With the arrest of Joe Hyer, and his subsequent admission of guilt today there is a proliferation of pontificating, proselytizing and politicizing in town and in the blogosphere.
However, the important issue is not the motivation of any “informant”, the political intentions of the sheriff and prosecutor, nor the potential damage to Joe Hyer's political ambitions or career. The real issues are the sustained damage to the fragile relationship between voters and our elected civic leaders and the violation and loss of expectations and trust.
Our community's stability depends not on the veneration of our elected officials but on the bond that develops when citizens give support to other citizens to represent and act on their civic interests. This lamentable situation, like so many others involving political leaders, undermines that special relationship and jeopardizes the commitment and hope of creating a more respected government and prosperous community. It's the voters and the community who suffer from the incredible lack of judgment of a person who had been a respected political figure.
When a public official makes many contributions to his/her community and brings intelligence and foresight to public debates the situation may be emotionally harder but no more ethically complex.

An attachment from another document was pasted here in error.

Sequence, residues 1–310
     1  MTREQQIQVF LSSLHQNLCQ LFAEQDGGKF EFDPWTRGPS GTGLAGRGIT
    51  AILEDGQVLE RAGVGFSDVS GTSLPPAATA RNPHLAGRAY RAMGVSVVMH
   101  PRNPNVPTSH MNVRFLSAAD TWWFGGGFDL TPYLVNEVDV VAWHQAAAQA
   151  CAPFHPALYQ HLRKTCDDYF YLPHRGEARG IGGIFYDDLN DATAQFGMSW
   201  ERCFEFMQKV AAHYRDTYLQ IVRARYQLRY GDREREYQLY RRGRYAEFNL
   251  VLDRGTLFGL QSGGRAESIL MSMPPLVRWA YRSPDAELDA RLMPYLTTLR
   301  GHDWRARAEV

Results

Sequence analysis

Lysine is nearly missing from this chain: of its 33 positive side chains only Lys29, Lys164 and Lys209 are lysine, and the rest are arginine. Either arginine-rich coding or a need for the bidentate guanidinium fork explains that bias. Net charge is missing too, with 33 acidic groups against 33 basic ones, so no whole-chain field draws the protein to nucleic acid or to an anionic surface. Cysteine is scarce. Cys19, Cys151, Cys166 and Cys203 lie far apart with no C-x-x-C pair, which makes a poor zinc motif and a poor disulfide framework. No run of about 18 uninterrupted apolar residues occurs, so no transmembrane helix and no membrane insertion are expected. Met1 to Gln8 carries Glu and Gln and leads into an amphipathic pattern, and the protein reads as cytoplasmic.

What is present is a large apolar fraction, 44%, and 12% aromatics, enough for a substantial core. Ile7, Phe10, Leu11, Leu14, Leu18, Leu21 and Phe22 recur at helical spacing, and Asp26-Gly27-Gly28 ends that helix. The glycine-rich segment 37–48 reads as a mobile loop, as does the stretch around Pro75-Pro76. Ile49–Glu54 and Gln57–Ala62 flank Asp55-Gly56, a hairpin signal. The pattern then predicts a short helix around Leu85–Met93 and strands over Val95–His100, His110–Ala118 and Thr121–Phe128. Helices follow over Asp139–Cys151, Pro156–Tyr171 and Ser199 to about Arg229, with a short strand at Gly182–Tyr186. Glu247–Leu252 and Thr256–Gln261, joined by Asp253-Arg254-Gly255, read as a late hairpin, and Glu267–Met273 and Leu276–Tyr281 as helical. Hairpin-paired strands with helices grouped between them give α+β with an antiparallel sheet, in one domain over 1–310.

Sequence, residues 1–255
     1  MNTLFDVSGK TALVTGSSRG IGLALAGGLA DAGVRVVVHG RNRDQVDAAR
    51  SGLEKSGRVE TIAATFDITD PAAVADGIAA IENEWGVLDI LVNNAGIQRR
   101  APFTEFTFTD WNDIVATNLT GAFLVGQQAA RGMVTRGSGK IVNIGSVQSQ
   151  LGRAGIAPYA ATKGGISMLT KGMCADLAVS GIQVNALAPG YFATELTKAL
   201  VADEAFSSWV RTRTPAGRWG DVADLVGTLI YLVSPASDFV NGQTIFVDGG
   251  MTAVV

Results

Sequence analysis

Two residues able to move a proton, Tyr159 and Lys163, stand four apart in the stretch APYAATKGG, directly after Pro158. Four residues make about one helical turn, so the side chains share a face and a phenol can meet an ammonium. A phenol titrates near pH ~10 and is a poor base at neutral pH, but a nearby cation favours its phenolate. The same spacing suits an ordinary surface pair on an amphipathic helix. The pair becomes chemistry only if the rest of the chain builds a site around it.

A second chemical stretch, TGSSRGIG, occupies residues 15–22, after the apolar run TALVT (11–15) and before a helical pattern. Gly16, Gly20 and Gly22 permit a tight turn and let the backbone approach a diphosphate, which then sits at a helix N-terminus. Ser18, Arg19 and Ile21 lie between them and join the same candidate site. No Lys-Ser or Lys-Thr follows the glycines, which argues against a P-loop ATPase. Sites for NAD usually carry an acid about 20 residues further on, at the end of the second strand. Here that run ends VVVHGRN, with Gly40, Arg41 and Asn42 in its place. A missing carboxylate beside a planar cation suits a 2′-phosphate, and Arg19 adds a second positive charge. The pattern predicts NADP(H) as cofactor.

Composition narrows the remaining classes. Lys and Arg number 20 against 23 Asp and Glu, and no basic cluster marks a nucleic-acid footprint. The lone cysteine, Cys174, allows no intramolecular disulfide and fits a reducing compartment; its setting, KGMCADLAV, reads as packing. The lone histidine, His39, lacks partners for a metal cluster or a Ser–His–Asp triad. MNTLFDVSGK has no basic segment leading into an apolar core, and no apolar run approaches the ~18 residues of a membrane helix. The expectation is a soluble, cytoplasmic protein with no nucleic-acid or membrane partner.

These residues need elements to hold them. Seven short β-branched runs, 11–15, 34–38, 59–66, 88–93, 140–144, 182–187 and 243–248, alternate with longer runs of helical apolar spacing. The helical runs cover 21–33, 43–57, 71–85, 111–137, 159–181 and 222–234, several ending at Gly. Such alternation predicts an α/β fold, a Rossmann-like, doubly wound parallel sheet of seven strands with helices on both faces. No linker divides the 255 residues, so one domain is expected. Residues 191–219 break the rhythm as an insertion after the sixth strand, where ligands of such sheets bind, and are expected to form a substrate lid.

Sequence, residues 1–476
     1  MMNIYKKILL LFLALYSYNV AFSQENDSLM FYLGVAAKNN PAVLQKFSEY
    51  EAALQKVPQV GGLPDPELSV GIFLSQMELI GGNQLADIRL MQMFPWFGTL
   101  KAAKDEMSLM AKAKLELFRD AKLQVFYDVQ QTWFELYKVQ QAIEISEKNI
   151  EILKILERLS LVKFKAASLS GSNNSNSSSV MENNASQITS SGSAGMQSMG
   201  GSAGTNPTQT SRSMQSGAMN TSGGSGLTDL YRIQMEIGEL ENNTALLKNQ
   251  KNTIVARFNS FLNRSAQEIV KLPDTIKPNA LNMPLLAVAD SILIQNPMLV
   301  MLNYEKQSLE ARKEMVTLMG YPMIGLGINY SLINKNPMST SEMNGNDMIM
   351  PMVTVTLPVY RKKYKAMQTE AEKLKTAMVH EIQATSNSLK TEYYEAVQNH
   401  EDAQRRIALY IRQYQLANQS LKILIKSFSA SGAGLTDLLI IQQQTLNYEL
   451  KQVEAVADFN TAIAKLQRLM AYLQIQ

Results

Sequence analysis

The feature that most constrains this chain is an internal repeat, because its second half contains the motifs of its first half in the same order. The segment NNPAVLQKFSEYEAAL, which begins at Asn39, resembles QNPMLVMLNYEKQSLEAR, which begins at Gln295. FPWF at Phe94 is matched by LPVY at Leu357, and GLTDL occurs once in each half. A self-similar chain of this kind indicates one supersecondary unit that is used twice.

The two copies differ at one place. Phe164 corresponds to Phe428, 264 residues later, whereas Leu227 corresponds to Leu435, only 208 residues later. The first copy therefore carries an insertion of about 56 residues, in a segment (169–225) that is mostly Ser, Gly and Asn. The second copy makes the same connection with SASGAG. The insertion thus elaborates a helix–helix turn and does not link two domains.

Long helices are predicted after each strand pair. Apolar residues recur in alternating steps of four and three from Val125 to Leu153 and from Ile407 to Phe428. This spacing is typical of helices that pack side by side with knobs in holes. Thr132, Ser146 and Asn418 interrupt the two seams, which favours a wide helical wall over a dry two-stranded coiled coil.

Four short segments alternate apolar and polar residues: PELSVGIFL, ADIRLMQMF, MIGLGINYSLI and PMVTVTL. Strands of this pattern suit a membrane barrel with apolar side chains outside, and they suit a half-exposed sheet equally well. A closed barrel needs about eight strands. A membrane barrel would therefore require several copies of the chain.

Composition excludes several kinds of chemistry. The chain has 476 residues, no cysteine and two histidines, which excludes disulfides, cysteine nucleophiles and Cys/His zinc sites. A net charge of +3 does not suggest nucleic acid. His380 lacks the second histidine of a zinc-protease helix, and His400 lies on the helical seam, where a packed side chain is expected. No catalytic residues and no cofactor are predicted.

A criminal violation is the ultimate act of selfishness in that one’s lack of discipline and self control results in the chasm that already exists between the public and their representatives growing even larger.
It should not be lost that for progressives who believe in a vibrant and active government, who will not see many electoral or policy successes without INCREASED public trust and confidence in their government, suffer perhaps the greatest impact from the damage done by another failed public official. Conservatives actually work to achieve reduced trust and confidence in our public institutions.
“Public trust is built on an assumption that public officials, and respected public figures, can be believed — that you can trust that they are who they say they are,” said Rev. Gary Dorrien, a professor of social ethics at Union Theological Seminary in Manhattan in yesterday’s NY Times. “When public figures are revealed to be other than who they claimed — and follow up with apologies that betray them as having immature personalities, unfamiliar with the rigors of honest self-assessment — the fabric of social trust suffers, he said. But incrementally, the accumulation of little tears in the fabric “makes it harder and harder to talk about the ethical underpinning of any public policy issues, harder to mobilize people,” Mr. Dorrien said. My name is Russ Lehman